I tried writing this blog on the road, and it was just too difficult, especially as I had to ride, plan, ride, plan, ride, do, visit, eat, wash, wash clothes, wash pots, ride, plan, find places to stay, talk, enjoy, breathe, relax, watch sunsets, visit friends, talk to my stuffed monkey, learn some words in languages other than my own, ride, take photographs, be present, look, learn, read, ride, figure out how to get my bike and five bags on to train station platforms when there are no lifts, eat bananas, talk to deer, count storks, film beetles pushing dung across dusty Portuguese paths, work out what Picasso was trying to say, make my homage to Catalonia, visit the chocolate Lionel Messi, learn what the Catholic Church did to every other kind of faith that wasn’t there own, get sick of cathedrals and crucifixes, understand what cobbles do to bicycles, find out that the French love an overburdened English cyclist, pay my respects to those who died to liberate Europe, cross the whole of Belgium (yay the first country I have crossed in its entirety), ride a 100k in a day in 30 degree temperatures with a full pack (OK I am proud its true), know what its like to burn up all your calorie reserves and eat like a hungry scavenger pilgrim, learn what I am capable of, and then finally find a way home.
But just to let you know so far…
In the first trip I travelled 1200 km on the bike and I don’t know how many thousands more on train, boat and ferry. I visited three countries – France, Spain and Portugal. Since then I’ve cycled 320km from Dublin to Belfast, 1200km through The Netherlands, Luxembourg and Belgium, and 1500km cycling from Strasbourg to Bratislava, through Germany, Switzerland, Austria into Slovakia, and then onwards by coach to Czechia, Hungary and Poland. 14 countries and 4200km cycled so far.
What it has meant to me
A few years ago I struggled to cycle the daily 6 miles to work and back and before this trip I’d never been on an overnight cycling holiday. When I started training for this trip I was a stone overweight and two and a half over where I was in my twenties. I trained for about nine months before the timing was right and I felt confident enough, though still filled with anxiety, to try. I’ve lost 2.5 stones, returning to the weight I had as a twenty year old. My 36 inch trousers hang off me and are going to the charity shop. I feel stronger and mentally fitter than I have for a very long time. Brexit got me down so much (and still does) but this journey has changed my life and I really feel like I have takenbikecontrol over many things that were going on in my life. Things aren’t perfect with me but cycling (in particular taking on this odyssey) has given me back a new sense of my self. I feel as though things are possible again.
I have also met someone and fallen in love. And she is a wonderful kind and loving person. Before meeting her I had been single for over two years and doubted whether I would meet someone again. But you never know when the next miracle will happen. Cycling has been a big part of this because I feel more confident and comfortable with my self, and more able to love in a happy healthy way. My new leg muscles are apparently pretty sexy too!
I am a political cyclist
I’d love to be able to extend my good feelings to the political process but sadly it seems as fraught, complex and mired as ever. Beyond the easy slogans and broken promises we can all at last see how hard it is to get whatever it is we want from the political process. I hope this time has given Remain voters the chance to see why Leave voters were so angry about a whole load of issues and Leave voters the chance to reflect on whether they will in fact get whatever they wanted from leaving the EU, and to question whether that really is what they wanted, or whether it was actually something different. Something that leaving the EU will never give them.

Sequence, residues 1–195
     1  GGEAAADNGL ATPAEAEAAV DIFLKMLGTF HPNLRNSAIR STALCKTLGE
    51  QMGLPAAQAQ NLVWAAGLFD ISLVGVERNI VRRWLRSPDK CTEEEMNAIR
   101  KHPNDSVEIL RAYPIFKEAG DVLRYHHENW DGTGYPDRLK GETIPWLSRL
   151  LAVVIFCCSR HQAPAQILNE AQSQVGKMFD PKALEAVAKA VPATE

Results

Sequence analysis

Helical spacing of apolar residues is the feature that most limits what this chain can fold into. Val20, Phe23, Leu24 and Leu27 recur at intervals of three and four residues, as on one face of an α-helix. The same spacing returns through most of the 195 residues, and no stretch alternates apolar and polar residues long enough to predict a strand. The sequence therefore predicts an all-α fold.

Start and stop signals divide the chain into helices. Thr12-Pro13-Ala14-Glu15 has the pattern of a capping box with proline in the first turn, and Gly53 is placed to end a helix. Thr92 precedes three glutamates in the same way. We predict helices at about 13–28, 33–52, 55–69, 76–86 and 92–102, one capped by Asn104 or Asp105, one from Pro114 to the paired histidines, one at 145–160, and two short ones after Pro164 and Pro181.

My own preference now is to use this process to get a sensible dialogue of how we can change things moving forward that makes it better for as many people as possible, undermines racism and xenophobia and keeps us within the EU, and all the greater opportunities that affords. The EU is the only super-national body that gives we citizens certain inalienable rights protected by constitution and the rule of law. We should cherish these and understand why they are important, as they will not waiver. The same can not be said of rights protected by national governments. We vote for a political party not all the policies they enact. It is very easy for political parties to undermine our rights within the text of legislation we never see or at least never have the time to read.
I am supporting The People’s Vote campaign now and for a change in Labour Party policy to support a final say on the deal. People should be able to change their mind in this process, or reaffirm their views, or have a second chance to participate, if they didn’t get that the first time around. It’s clear that the balance of power in Parliament is not such to deliver a strong Brexit on either side of the argument and the government is currently being controlled, as Conservative MP’s have already said, by Jacob Rees Mogg. A general election would hopefully redefine this too.
A friend sent me out on my first trip with some advice. Before you go, she told me, write a biography of your life so far, and then when you get back, ask yourself, who went out on the journey, who came back, and what did you bring back for your community. Well, I’m only part way through my journey so I’m not ready to answer all these questions, but answers are arriving as I cycle, and also when I have time to reflect back home. Things will definitely change and I hope to bring back something for my community, that raises this above what it just means for me.